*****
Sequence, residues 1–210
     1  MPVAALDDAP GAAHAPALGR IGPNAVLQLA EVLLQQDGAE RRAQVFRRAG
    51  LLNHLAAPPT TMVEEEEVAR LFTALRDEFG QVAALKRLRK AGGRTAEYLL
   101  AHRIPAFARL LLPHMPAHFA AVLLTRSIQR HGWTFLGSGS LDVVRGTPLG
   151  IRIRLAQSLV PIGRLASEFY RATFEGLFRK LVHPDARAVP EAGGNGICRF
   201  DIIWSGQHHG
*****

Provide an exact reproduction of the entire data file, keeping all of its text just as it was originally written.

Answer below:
Sequence, residues 1–210
     1  MPVAALDDAP GAAHAPALGR IGPNAVLQLA EVLLQQDGAE RRAQVFRRAG
    51  LLNHLAAPPT TMVEEEEVAR LFTALRDEFG QVAALKRLRK AGGRTAEYLL
   101  AHRIPAFARL LLPHMPAHFA AVLLTRSIQR HGWTFLGSGS LDVVRGTPLG
   151  IRIRLAQSLV PIGRLASEFY RATFEGLFRK LVHPDARAVP EAGGNGICRF
   201  DIIWSGQHHG